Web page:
Within a few weeks of the energy proposal’s release, Rosselló tweeted that he supported the goal of 100 percent renewables by 2050. But when the governor signed the renewable energy legislation, the Energy Public Policy Act, last April, advocates for Queremos Sol were not impressed. “They did take on the 100 percent renewable energy goal for 2050, but that’s where the similarities end,” said Ruth Santiago, another collaborator on the plan and an organizer with the Jobos Bay Eco-Development Initiative, which is developing a community solar system in the south.
Massol Deyá agreed. “They are setting goals they are not intending to comply with,” he said. “It’s a means to stop the transition that is being pushed from the bottom up.”
Another vision of Puerto Rico’s energy future was emerging in parallel to Queremos Sol. Last February, PREPA released a first draft of its $15 billion Integrated Resource Plan, prepared by the multinational industrial firm Siemens, which divided the island into eight minigrids, and included a significant investment in solar battery storage. It also proposed an array of new liquid natural gas import facilities, pipelines, and natural gas-fired power plants.
PREPA’s head, José Ortiz, explained the plan to an audience of executives from the liquid natural gas industry a month later at the American LNG Summit, held in Puerto Rico only days before the renewable energy legislation passed. Over the next two years, natural gas infrastructure would be placed in locations along the four cardinal directions of the island, he said, replacing oil-fueled generation. Renewables would come later, “as quick as the price dictates.” It would be unwise to invest in them now, Ortiz added, when in a few years, they would become significantly cheaper.
PREPA’s history of mismanagement was not proving to be an impediment to the natural gas buildout, he assured. Investors were already lining up, including Singapore-based Puma Energy, a company with ties to Elías Sánchez, a notoriously corrupt political powerbroker on the island; New Fortress Energy, whose co-founder is a major Democratic Party donor; and AES, owner of the island’s only coal plant, for which Pedro Pierluisi, a top contender for the island’s 2020 governor’s race, once lobbied.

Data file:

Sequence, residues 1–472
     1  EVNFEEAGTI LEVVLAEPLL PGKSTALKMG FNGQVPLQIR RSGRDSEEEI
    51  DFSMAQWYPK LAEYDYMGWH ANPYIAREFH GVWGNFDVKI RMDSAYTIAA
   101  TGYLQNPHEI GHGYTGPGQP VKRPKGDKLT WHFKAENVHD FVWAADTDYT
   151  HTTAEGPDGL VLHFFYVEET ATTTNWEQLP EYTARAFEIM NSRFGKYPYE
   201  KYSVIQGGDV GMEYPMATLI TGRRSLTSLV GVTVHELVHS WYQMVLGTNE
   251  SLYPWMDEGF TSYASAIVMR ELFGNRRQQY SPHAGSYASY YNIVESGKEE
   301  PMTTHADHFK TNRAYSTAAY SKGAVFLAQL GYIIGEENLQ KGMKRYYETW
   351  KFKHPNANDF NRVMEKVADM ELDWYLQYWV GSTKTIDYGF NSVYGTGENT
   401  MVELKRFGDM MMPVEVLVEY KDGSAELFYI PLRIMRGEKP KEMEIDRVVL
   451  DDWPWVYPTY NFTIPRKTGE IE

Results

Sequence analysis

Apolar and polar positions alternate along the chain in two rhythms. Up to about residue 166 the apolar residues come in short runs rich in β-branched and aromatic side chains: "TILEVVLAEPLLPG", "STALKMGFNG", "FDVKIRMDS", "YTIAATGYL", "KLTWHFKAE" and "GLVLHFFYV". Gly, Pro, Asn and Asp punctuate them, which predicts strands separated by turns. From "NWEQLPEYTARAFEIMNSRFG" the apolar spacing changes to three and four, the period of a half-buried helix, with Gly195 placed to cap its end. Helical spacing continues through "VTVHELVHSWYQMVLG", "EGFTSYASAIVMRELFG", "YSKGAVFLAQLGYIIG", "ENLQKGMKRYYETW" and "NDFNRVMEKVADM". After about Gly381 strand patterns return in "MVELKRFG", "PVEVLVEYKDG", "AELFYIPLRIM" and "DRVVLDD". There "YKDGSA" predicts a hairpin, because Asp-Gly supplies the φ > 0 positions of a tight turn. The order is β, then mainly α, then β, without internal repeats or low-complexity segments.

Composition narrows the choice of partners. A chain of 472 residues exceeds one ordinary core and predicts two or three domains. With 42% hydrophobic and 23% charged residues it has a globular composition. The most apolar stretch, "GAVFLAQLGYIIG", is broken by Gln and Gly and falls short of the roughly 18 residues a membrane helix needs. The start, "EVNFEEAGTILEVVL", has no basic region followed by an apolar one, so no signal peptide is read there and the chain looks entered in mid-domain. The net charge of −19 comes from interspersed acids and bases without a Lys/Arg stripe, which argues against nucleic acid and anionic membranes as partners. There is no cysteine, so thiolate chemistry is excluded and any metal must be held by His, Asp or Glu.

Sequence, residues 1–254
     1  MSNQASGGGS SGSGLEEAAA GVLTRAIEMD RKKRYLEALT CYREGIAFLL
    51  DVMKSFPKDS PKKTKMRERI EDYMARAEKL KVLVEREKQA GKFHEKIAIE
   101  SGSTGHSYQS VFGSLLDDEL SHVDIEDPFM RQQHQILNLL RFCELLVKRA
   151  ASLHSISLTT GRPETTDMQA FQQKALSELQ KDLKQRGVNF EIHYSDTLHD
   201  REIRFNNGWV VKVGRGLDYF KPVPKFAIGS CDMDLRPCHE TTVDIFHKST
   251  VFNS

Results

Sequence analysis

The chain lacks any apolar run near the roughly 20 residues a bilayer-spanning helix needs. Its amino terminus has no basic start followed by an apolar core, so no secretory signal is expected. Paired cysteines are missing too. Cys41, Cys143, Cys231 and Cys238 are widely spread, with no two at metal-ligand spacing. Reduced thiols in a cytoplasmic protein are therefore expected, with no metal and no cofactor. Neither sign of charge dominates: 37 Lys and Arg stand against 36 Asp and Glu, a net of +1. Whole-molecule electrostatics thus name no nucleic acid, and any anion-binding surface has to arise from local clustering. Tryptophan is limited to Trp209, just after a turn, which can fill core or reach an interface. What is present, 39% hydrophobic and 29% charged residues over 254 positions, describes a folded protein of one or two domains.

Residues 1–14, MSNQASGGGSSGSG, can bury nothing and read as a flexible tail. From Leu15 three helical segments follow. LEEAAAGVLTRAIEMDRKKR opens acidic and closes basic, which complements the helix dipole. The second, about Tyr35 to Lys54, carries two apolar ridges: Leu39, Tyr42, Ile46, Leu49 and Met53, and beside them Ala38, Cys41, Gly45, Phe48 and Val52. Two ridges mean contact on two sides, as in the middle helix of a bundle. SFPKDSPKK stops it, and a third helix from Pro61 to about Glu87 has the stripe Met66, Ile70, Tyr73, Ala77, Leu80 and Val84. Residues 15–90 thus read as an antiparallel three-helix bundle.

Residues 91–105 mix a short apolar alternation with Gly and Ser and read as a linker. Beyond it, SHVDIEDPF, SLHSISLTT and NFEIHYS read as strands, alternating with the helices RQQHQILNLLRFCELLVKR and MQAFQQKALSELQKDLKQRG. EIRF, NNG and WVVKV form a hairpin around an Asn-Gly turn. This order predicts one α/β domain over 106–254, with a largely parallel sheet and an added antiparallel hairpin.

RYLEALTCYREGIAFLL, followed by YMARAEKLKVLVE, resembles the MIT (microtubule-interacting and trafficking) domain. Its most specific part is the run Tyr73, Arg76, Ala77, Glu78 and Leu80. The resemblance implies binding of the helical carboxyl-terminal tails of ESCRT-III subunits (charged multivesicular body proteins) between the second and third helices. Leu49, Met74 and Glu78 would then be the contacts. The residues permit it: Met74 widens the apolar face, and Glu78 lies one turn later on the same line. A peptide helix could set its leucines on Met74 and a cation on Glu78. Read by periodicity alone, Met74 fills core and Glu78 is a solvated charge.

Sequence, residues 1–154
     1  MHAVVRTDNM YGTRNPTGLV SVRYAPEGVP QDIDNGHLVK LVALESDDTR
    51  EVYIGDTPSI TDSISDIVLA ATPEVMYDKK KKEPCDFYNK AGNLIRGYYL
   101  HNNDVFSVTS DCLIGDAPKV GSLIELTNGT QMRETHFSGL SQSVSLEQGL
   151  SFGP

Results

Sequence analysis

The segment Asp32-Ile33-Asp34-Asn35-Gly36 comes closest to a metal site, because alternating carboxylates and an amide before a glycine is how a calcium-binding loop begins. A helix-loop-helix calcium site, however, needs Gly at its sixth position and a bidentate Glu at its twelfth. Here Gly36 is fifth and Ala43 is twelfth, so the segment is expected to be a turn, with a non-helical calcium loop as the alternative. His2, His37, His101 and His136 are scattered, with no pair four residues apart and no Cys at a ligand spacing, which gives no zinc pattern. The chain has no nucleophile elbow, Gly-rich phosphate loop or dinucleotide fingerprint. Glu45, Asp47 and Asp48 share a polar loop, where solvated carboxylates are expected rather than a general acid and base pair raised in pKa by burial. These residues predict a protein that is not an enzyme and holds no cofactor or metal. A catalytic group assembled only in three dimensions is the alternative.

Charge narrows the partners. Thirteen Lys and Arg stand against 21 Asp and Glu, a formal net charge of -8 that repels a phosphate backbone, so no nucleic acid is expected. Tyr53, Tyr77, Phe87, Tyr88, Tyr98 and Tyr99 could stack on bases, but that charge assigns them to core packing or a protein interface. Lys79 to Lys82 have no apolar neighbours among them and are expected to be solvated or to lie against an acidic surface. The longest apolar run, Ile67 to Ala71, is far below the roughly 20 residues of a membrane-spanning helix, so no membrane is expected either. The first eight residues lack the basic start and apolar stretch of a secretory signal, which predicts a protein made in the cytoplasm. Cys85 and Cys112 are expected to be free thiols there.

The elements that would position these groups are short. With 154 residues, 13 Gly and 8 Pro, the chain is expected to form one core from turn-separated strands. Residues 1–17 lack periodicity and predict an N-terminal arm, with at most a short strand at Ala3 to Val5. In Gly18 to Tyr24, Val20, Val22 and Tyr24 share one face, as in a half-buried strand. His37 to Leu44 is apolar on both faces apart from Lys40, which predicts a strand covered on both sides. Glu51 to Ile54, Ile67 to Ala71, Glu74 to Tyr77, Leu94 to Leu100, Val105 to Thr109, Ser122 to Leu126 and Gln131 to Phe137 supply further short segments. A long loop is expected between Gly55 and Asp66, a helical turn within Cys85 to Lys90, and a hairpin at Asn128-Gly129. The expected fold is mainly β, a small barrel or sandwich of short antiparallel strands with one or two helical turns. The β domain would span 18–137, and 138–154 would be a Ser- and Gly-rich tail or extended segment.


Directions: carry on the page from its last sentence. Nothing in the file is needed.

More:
PREPA did not respond to requests for comment, but a hint as to why the power authority would encourage such investment lies in the campaign contribution records of Resident Commissioner Jenniffer González Colón, the island’s only elected representative in Washington, D.C. Her two top contributors since 2016 are Crowley Maritime Corp., which donated a total of $12,900, and Saltchuk Resources Inc., which donated $15,500.
Crowley is a major shipper of liquid natural gas between Jacksonville, Florida, and Puerto Rico and a contender for supplying PREPA’s proposed gas-powered microgrids with LNG. Meanwhile, Saltchuk’s subsidiary TOTE is responsible for the world’s first LNG-powered container ships, two of which operate between Florida and Puerto Rico. The company hopes to spark “the proliferation of natural gas as a transportation fuel.” The other two such ships operating out of Jacksonville, named El Coquí, after a small frog whose song is ubiquitous in Puerto Rico, and the Taíno, after the Indigenous people of the island, are owned by Crowley. A booming LNG business in Puerto Rico would be a boon for those companies — and many others. The resident commissioner did not respond to a request for comment.
It’s no mystery why the companies donated to González Colón. The resident commissioner is an evangelist for LNG on the island. She co-hosted the 2019 American LNG Summit with Florida Rep. Ted Yoho, and the pair has co-sponsored a bill to make LNG export easier. At the summit last march, González Colón and some of Puerto Rico’s top officials stood up one by one asserting support for a common vision: Puerto Rico as a Caribbean hub for liquid natural gas. It’s an idea that’s been around since before Hurricane Maria — gubernatorial candidate Pierluisi, for example, advocated for it when he served as resident commissioner — but it gained new traction after the storm, picking up Republicans in the States as well as Puerto Rican policymakers.
In welcoming remarks at the conference, Rosselló urged attendees from the industry “to at some point see [Puerto Rico] as a connector of the Americas where we can not only use the LNG, but also become an important hub toward transporting it.”
“After the storm there is opportunity,” he said. “There is a government that is willing to make policy changes. There is a clear path of where we want to go with LNG.”
Beyond the laudable goal of 100 percent renewable energy, much of the rest of the Energy Public Policy Act is in line with that vision. The law demands that all existing and future power plants that process fossil fuels become capable of handling at least two types of fuel, one of which must be natural gas. It also lays out a pathway for PREPA’s privatization.